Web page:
Verse 32. And he said, Oh let not my Lord be angry, and I will speak but this once: peradventure ten shall be found there; and He said, I will not destroy it for ten's sake. "He said, Oh let not my Lord be angry, and I will speak but this once," signifies anxiety still continued concerning the state of the human race; "peradventure ten shall be found there," signifies if there should still be remains; "and He said, I will not destroy it for ten's sake," signifies that they will be saved.2283.
He said, Oh let not my Lord be angry, and I will speak but this once. That this signifies anxiety still continued concerning the state of the human race, is evident from the affection of these words, as shown above (n. 2275), where the same words occur.2284.
Peradventure ten shall be found there. That this signifies if there should still be remains, is evident from the signification of the number "ten," as being remains (explained in volume 1, n. 576, 1738). What remains are has been stated and shown before in various places (as in n. 468, 530, 560, 561, 660, 661, 1050, 1738, 1906), namely, that they are all the good and all the truth with man which lie stored up in his memories and in his life.  It is well known that there is nothing good and nothing true, except from the Lord; and also that what is good and true is continually inflowing from the Lord into man, but that it is received in various ways, and in fact in accordance with the life of evil, and in accordance with the principles of falsity in which the man has confirmed himself. These are what either quench, or stifle, or pervert the goods and truths that are continually flowing in from the Lord. Lest therefore goods should be commingled with evils, and truths with falsities (for if they were commingled the man would perish eternally), the Lord separates them, and stores up in his interior man the goods and truths which the man receives; whence He will never permit them to come forth so long as the man is in evil and falsity, but only at such a time as he is in a holy state, or in some anxiety, sickness, or other trouble. These things which the Lord has thus stored up with man are what are called "remains," of which very much mention is made in the Word; but it has not yet been known to anyone that this is what they signify.  According to the quality and quantity of the remains-that is, of the good and truth with a man-does he enjoy bliss and happiness in the other life; for, as has been said, these remains are stored up in his interior man, and they are opened at the time when the man has left corporeal and worldly things behind. The Lord alone knows the quality and extent of the remains in a man; the man himself cannot possibly know this, for at the present day man is of such a character that he is able to counterfeit what is good, while within there is nothing but evil; and a man may also appear to be evil and yet have good within. On this account no man is ever allowed to judge concerning the quality of the spiritual life of another, for the Lord alone, as before said, knows this; but everyone may judge of another in regard to the quality of his moral and civil life, for this concerns society.  It is very common for those who have taken up an opinion respecting any truth of faith, to judge of others that they cannot be saved, unless they believe as they do-a judgment which the Lord has forbidden (Matt. 7:1-2). On the other hand, I have learned from much experience that men of every religion are saved, provided that by a life of charity they have received remains of good and of apparent truth. This is what is meant by its being said that if ten were found, they should not be destroyed for the ten's sake; by which is signified that they would be saved if there were remains.  The life of charity consists in thinking kindly of another, and in wishing him well; and in perceiving joy in oneself from the fact that others also are saved. But those have not the life of charity who desire that none should be saved except those who believe as they do; and especially is this the case with those who are indignant that it is otherwise. This may be seen from the mere fact that more from the Gentiles are saved than from Christians; for those Gentiles who have thought kindly of their neighbor and have wished well to him, receive the truths of faith in the other life better than those who are called Christians, and acknowledge the Lord more than Christians do. For nothing is more delightful and blessed to the angels than to instruct those who come from the earth into the other life.2285.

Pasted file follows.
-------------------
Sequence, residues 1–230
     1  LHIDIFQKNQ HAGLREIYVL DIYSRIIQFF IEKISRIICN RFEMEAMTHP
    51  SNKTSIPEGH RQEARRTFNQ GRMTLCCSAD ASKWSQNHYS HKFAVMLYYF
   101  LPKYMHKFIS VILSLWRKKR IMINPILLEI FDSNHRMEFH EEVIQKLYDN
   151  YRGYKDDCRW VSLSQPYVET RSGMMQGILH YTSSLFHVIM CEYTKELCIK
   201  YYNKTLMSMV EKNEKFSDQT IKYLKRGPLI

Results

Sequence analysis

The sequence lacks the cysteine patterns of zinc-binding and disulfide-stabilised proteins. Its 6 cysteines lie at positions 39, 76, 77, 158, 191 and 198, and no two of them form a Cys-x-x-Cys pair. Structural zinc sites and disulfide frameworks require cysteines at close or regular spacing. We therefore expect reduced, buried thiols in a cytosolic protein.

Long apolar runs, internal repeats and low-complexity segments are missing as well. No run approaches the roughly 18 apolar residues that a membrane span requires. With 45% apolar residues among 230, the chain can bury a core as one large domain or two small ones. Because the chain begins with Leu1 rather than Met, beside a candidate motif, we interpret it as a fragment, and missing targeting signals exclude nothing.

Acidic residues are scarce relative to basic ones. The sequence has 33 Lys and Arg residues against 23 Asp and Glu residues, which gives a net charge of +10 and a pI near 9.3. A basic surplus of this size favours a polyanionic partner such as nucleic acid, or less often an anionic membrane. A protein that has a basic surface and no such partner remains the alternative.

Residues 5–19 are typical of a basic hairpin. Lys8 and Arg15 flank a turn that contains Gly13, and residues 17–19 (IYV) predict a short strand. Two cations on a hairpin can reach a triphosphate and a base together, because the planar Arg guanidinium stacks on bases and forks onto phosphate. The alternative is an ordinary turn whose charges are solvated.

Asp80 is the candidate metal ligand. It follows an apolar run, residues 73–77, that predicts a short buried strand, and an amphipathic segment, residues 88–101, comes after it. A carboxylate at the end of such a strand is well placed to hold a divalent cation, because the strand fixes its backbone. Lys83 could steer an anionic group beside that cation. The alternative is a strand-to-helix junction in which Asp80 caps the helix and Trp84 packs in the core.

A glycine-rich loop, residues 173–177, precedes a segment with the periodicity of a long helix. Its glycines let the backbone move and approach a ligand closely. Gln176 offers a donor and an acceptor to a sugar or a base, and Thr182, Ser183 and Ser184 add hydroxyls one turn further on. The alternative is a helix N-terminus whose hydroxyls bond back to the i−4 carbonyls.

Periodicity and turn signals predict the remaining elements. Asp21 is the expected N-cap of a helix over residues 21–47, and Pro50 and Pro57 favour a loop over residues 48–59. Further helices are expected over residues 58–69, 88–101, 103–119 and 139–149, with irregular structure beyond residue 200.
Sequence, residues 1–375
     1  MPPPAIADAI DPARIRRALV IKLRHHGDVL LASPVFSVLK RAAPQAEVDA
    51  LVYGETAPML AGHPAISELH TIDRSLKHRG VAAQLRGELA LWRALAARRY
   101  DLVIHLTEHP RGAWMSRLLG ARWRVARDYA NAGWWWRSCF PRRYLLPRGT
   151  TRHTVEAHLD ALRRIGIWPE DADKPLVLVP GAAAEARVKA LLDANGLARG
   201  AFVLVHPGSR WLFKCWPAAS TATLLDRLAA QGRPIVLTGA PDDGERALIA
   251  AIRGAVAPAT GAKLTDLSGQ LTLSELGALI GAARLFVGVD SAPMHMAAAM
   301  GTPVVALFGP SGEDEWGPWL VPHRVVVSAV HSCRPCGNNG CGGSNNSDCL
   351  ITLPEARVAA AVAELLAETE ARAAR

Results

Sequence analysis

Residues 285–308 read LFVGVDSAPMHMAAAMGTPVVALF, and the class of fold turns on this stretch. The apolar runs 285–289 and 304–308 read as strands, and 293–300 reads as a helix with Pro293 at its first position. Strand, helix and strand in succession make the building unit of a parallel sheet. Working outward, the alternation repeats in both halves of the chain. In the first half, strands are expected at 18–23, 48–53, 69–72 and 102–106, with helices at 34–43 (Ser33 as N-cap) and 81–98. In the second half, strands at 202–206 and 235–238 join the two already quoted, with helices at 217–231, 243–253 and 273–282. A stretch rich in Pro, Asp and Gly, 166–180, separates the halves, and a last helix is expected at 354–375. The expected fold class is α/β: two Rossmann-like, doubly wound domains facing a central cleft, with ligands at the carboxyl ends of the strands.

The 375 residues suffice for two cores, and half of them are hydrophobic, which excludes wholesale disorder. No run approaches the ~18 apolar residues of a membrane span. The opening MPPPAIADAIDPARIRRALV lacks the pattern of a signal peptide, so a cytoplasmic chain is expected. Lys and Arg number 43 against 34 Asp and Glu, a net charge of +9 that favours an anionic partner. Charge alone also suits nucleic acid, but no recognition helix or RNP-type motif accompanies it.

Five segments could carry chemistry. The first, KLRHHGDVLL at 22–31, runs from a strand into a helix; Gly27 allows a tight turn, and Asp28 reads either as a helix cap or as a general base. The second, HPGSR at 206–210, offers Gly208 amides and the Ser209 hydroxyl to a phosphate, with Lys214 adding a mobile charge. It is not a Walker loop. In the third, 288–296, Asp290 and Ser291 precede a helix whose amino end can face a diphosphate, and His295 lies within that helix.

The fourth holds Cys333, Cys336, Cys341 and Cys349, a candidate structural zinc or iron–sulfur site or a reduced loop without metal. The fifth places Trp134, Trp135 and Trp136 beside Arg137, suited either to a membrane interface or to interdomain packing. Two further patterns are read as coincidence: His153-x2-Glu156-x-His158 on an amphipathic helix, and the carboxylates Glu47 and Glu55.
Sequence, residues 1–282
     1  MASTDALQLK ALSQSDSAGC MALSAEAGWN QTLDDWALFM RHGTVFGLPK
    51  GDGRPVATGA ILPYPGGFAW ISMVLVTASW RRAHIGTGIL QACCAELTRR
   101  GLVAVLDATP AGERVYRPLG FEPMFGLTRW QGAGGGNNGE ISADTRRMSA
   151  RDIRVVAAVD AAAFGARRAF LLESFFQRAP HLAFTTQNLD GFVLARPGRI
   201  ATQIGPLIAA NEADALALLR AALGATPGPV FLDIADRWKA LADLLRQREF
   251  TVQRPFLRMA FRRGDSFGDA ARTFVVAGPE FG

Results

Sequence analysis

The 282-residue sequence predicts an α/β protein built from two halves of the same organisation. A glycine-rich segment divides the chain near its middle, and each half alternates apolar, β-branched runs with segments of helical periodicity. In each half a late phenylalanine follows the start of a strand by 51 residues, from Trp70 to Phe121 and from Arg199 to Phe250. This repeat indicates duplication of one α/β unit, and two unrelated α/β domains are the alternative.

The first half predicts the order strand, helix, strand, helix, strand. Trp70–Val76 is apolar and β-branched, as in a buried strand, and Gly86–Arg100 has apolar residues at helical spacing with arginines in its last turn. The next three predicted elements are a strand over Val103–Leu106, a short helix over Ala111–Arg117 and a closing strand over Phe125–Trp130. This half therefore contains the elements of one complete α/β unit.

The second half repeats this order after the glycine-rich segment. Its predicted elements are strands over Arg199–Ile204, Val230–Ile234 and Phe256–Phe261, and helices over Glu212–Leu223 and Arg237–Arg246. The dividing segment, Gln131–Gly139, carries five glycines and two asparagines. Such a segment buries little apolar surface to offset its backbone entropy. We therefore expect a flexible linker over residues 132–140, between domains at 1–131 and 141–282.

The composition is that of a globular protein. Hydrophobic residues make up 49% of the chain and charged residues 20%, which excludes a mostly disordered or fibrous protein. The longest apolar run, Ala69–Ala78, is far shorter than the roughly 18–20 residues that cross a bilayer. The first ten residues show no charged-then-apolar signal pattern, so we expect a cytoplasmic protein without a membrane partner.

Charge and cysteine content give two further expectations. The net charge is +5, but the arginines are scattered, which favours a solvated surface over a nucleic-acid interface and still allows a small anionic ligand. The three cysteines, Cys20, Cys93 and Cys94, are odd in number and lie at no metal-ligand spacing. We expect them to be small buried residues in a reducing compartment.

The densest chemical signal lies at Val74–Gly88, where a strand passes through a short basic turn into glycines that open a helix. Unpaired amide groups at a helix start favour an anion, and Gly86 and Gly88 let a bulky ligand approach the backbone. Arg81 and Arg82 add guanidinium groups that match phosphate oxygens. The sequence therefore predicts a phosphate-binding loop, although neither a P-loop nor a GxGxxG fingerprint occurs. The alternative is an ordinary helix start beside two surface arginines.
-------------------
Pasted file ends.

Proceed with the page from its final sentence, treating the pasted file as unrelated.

I will not destroy it for ten's sake. That this signifies that they will be saved, is evident from the series of the things in the internal sense, and thus without any unfolding of the meaning.2286.
Verse 33. And Jehovah went when He had completed His speaking unto Abraham; and Abraham returned unto his place. "Jehovah went when He had completed His speaking unto Abraham," signifies that this state of perception in which the Lord was, then ceased to be such; "and Abraham returned unto his place," signifies that the Lord returned into the state in which He had been before He perceived these things.2287.